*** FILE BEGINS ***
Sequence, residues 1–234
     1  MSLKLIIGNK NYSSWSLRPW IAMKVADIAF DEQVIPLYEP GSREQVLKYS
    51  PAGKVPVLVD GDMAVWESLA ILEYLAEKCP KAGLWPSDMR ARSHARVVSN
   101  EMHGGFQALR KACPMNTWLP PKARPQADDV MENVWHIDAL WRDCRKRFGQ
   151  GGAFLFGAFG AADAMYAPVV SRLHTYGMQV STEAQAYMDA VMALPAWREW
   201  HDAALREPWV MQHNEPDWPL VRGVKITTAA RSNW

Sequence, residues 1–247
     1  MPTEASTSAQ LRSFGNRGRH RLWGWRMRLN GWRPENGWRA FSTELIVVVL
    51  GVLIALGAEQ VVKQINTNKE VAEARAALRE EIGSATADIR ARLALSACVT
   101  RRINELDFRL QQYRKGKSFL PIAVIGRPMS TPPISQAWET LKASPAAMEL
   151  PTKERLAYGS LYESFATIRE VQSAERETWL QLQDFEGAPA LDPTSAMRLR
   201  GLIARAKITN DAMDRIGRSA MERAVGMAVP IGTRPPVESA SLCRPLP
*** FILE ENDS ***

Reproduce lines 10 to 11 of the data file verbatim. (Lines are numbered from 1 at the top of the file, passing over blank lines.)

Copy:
   101  RRINELDFRL QQYRKGKSFL PIAVIGRPMS TPPISQAWET LKASPAAMEL
   151  PTKERLAYGS LYESFATIRE VQSAERETWL QLQDFEGAPA LDPTSAMRLR